The National Coalition of Anti-Violence Programs ( NCAVP ) has learned about the homicide of Jamie Johnson, age 36, in Pickens County, Alabama.
According to local media reports, 51 year-old Anita Hill has been arrested and charged with shooting her son's boyfriend of four years in the back at a Love's Truck Stop. As of now, local authorities are not investigating this as a hate violence homicide and are saying Hill's motive is that Johnson was in a "violent" relationship with her son.
This is the third high profile LGBTQ family violence homicide that we have responded to recently. In March, Britney Cosby and Crystal Jackson were found dead in Galveston County, Texas behind a convenience store. The father of Britney Cosby, James Cosby, has been arrested for evidence tampering in relationship to the case, charges that might be upgraded to capital murder. In Tigard, Oregon, Jessica Dutro was just sentenced due to subjecting her son, 4-year old Zachary Dutro-Boggess, to frequent and severe beatings that resulted in his death because she believed he was gay.
In NCAVP's report Intimate Partner Violence in Lesbian, Gay, Bisexual, Transgender, Queer, and HIV Affected Communities in 2012, at the link avp.org/storage/documents/ncavp_2012_ipvreport.final.pdf released on October 1st, 2013, NCAVP documented 21 LGBTQ intimate partner violence homicides in the United States in 2012. This is over three times the number of documented IPV homicides in 2010, and the highest number of IPV homicides ever recorded by the Coalition. The report also found that roughly half of the 21 IPV homicide victims were men ( 47.6% ). Additionally, according to the U.S. Centers for Disease Control and Prevention, lesbians, gay men and bisexual people experience intimate partner violence at the same or higher rates as non-LGB people.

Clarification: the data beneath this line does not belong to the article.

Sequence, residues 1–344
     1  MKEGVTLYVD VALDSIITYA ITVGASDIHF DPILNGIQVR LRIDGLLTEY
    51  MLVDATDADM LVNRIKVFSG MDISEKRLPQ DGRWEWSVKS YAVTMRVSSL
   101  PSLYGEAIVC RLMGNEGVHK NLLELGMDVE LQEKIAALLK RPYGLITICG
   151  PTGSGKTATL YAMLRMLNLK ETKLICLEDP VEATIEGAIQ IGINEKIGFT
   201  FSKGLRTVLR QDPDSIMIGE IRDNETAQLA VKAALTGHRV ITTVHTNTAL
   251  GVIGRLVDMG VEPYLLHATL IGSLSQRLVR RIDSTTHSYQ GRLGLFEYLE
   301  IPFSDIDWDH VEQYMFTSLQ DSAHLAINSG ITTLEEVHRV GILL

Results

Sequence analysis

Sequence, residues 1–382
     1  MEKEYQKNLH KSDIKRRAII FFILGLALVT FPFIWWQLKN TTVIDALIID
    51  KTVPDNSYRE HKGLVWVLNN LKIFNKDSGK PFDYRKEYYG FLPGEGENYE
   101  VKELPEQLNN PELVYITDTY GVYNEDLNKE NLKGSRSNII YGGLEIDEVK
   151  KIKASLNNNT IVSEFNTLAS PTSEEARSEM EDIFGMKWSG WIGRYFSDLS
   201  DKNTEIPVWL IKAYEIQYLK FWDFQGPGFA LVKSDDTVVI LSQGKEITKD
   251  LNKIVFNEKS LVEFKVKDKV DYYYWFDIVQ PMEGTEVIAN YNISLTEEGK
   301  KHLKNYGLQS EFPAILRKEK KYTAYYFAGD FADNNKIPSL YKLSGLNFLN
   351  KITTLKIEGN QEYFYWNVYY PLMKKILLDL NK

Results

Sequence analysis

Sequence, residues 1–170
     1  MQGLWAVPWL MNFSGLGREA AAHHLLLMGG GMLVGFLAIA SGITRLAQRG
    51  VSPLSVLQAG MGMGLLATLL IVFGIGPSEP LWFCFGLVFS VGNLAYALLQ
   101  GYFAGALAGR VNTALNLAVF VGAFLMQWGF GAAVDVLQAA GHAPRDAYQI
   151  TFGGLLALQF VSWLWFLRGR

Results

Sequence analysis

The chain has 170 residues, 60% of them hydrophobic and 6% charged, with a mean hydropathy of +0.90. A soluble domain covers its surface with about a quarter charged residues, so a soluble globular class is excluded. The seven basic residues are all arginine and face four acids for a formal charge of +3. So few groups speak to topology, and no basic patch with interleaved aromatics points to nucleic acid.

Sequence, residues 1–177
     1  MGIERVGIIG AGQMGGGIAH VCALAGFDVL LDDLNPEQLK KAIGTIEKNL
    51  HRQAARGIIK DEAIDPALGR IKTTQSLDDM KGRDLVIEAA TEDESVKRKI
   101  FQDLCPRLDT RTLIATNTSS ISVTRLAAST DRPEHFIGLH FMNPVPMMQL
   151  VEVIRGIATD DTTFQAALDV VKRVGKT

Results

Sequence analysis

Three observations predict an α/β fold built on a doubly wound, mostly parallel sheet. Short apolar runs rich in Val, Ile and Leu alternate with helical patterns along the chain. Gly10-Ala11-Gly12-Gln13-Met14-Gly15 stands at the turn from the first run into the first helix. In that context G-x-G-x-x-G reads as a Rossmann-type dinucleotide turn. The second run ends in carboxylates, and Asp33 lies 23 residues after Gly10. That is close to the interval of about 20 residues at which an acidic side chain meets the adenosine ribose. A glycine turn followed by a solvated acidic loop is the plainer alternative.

"This is the third high profile incident of family violence that NCAVP has responded to in the past two months," said Osman Ahmed, NCAVP's Research and Education Coordinator at the New York City Anti-Violence Project. "Violence affecting LGBTQ people can often come from people close to them, but it is seldom talked about. We must continue to raise awareness and create safety for LGBTQ people from all forms of violence."
NCAVP is working with local organization Equality Alabama to raise awareness of this homicide and to support the local communities affected by this violence.
"This event should serve as a wake-up call to the LGBT community, both in Alabama and elsewhere," said Ben Cooper, Chairman of Equality Alabama. "The event that occurred on April 15th reportedly stemmed, at least in part, as a reaction to an abusive relationship. Equality Alabama steadfastly condemns violence in any manner, but we must also acknowledge and work to provide stronger resources to those same-sex couples trapped in an abusive or otherwise unhealthy relationship."
NCAVP is a resource for anyone who experiences violence. For more information, or to locate an antiviolence program in your area, please contact us at firstname.lastname@example.org or visit us online at cts.vresp.com/c/ .
Join NCAVP in our efforts to prevent and respond to LGBTQ and HIV-affected violence. To learn more about our national advocacy and receive technical assistance or support, contact us at email@example.com .